- Johns Hopkins University Press
Structuring the Information Age: Life Insurance and Technology in the Twentieth Century
- Joanne Yates
- Johns Hopkins University Press
- 8.94 X 6.44 X 1.23 inches
- 1.58 pounds
- Business & Economics > Insurance - Life
Structuring the Information Age provides insight into the largely unexplored evolution of information processing in the commercial sector and the underrated influence of corporate users in shaping the history of modern technology.
JoAnne Yates examines how life insurance firms--where good record-keeping and repeated use of massive amounts of data were crucial--adopted and shaped information processing technology through most of the twentieth century. The book analyzes this process beginning with tabulating technology, the most immediate predecessor of the computer, and continuing through the 1970s with early computers. Yates elaborates two major themes: the reciprocal influence of information technology and its use, and the influence of past practices on the adoption and use of new technologies. In the 1950s, insurance industry leaders recognized that computers would enable them to integrate processes previously handled separately, but they also understood that they would have to change their ways of working profoundly to achieve this integration. When it came to choosing equipment and applications, most companies ultimately preferred a gradual, incremental migration to an immediate and radical transformation.
In tracing this process, Yates shows that IBM's successful transition from tabulators to computers in part reflected that vendor's ability to provide large customers such as insurance companies with the necessary products to allow gradual change. In addition, this detailed industry case study helps explain information technology's so-called productivity paradox, showing that firms took roughly two decades to achieve the initial computerization and process integration that the industry set as objectives in the 1950s.
JoAnne Yates is the Sloan Distinguished Professor of Management, Emerita and Professor Post Tenure of Work and Organization Studies and Managerial Communication at the MIT Sloan School of Management. Yates developed MIT Sloan's Managerial Communication curriculum starting in 1980. From 2007-2012 she served as Deputy Dean for programs at MIT Sloan. Her research is both historical and contemporary.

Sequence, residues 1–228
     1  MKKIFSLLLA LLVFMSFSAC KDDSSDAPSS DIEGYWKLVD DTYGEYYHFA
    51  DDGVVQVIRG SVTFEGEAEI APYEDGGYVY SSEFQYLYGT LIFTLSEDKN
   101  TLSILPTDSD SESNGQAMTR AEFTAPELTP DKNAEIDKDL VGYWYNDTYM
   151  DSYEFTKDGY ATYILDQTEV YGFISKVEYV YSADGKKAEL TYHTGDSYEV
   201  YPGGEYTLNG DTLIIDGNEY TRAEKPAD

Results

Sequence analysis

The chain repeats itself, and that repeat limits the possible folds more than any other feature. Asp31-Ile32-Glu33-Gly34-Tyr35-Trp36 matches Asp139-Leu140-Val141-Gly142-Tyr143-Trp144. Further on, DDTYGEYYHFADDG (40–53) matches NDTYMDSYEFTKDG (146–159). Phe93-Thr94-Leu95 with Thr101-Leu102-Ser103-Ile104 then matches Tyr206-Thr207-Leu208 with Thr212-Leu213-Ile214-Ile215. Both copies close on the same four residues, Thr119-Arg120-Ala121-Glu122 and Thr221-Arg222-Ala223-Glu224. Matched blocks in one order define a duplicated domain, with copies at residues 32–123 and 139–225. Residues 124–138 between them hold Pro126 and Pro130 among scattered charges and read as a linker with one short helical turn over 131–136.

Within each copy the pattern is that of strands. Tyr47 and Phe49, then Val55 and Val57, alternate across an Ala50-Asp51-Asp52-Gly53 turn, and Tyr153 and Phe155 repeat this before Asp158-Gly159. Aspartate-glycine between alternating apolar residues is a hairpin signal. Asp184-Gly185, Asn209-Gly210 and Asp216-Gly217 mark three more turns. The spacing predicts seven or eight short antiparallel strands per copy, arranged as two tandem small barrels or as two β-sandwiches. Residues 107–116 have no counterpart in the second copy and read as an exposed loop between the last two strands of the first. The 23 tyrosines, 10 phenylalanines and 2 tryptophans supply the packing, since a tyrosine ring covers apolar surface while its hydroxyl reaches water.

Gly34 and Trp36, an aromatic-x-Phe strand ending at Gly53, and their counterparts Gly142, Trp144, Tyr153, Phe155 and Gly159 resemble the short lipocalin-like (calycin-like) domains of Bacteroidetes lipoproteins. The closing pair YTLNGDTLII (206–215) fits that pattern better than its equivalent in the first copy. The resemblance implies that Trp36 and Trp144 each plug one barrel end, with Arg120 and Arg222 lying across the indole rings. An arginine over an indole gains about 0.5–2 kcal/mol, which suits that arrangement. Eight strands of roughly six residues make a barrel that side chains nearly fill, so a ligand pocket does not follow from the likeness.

Her most recent historical book, coauthored with her husband, a professor of political science at Wellesley College, is JoAnne Yates and Craig N. Murphy, Engineering Rules: Global Standard Setting Since 1880 (Johns Hopkins University Press, 2019), a study of the rise and important role of voluntary standard setting in the global economy. As part of the longer project that culminated in this book, they also wrote an initial monograph on one standard-setting organization: Craig N. Murphy and JoAnne Yates, The International Organization for Standardization (IS0): Global Governance through Voluntary Consensus (London: Routledge Press, 2009).
Her first, award-winning historical book is Control through Communication: The Rise of System in American Management (Johns Hopkins University Press, 1989), which traces the emergence of the communication and information system characteristic of US companies during most of the 20th century. Her second single-authored book, Structuring the Information Age: Life Insurance and Technology in the Twentieth Century (Johns Hopkins University Press, 2005), provides insight into the largely unexplored evolution of information processing in the commercial sector and the underrated influence of corporate users in shaping the history of modern technologies in the United States.
In her research on contemporary organizations she has collaborated with Professor Wanda Orlikowski (of MIT Sloan’s Information Technology group) and various students and researchers to study how groups and organizations use communication and information technologies, and how that use shapes their work. Specific studies looked at the use of technologies such as electronic mail, instant messaging, the BlackBerry, and corporate blogging.
She is currently also working with a team of faculty from the Work and Organization Studies Group on research aiming to improve academic performance of underrepresented minority students.
Yates holds a BA from Texas Christian University as well as an MA and a PhD from the University of North Carolina.
Source: MIT Sloan School of Management
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